Another initiative, one that can quickly lower food prices, is the cancellation of biofuel mandates. There is no social justification for the massive conversion of food into fuel for cars. With plug-in hybrids and all-electric cars coming to market that can run on local wind-generated electricity at a gasoline-equivalent cost of 80¢ per gallon, why keep burning costly fuel at four times the price?
On the supply side of the food equation, we face several challenges, including stabilizing climate, raising water productivity, and conserving soil. Stabilizing climate is not easy, but it can be done if we act quickly. It will take a huge cut in carbon emissions, some 80 percent within a decade, to give us a chance of avoiding the worst consequences of climate change. This means a wholesale restructuring of the world energy economy.
The easiest way to do this is to restructure the tax system. The market has many strengths, but it also has some dangerous weaknesses. It readily captures the direct costs of mining coal and delivering it to power plants. But the market does not incorporate the indirect costs of fossil fuels in prices, such as the costs to society of global warming. Sir Nicholas Stern, former chief economist at the World Bank, noted when releasing his landmark study on the costs of climate change that climate change was the product of a massive market failure.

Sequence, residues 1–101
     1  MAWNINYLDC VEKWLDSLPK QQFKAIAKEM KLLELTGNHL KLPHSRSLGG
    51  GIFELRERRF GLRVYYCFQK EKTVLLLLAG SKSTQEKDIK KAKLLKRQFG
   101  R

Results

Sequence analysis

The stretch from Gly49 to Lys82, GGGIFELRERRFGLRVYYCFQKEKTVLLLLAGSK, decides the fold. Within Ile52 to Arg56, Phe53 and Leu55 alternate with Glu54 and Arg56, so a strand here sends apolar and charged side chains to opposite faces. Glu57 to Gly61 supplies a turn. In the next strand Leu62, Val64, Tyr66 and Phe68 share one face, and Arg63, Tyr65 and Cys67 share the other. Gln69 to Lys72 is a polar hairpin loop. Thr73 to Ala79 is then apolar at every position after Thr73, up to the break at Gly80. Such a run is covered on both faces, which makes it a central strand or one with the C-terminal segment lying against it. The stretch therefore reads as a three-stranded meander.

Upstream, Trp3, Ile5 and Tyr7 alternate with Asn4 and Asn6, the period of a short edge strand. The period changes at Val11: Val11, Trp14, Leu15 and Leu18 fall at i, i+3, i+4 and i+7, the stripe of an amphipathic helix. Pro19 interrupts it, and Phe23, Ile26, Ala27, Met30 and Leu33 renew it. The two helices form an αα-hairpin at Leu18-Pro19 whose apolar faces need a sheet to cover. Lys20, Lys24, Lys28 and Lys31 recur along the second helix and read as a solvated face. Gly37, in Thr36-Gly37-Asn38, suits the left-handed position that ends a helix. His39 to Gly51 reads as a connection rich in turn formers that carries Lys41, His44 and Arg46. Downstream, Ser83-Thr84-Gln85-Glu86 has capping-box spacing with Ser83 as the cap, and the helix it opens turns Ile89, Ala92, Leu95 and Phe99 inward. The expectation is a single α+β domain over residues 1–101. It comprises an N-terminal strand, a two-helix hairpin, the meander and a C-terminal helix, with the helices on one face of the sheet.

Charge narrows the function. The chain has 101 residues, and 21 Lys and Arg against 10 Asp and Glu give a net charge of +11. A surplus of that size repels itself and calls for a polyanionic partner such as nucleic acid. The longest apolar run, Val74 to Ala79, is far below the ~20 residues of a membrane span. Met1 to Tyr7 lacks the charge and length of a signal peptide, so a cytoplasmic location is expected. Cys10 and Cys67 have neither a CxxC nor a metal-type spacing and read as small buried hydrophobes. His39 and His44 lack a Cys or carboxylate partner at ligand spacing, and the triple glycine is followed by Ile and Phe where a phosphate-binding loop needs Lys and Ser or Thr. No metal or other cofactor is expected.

The goal of restructuring taxes is to lower income taxes and raise carbon taxes so that the cost of climate change and other indirect costs of fossil fuel use are incorporated in market prices. If we can get the market to tell the truth, the transition from coal and oil to wind, solar, and geothermal energy will move very fast. If we remove the massive subsidies to the fossil fuel industry, we will move even faster.
Along with stabilizing climate, another key component to avoiding a breakdown in the food system is to raise water productivity. This could be patterned after the worldwide effort launched over a half-century ago to raise cropland productivity. This extraordinarily successful earlier endeavor tripled the world grain yield per acre between 1950 and 2011.
Raising water productivity begins with agriculture, simply because 70 percent of all water use goes to irrigation. Some irrigation technologies are much more efficient than others. The least efficient are flood and furrow irrigation. Sprinkler irrigation, using the center-pivot systems that are widely seen in the crop circles in the western U.S. Great Plains, and drip irrigation are far more efficient. The advantage of drip irrigation is that it applies water very slowly at a rate that the plants can use, losing little to evaporation. It simultaneously raises yields and reduces water use. Because it is labor-intensive, it is used primarily to produce high-value vegetable crops or in orchards.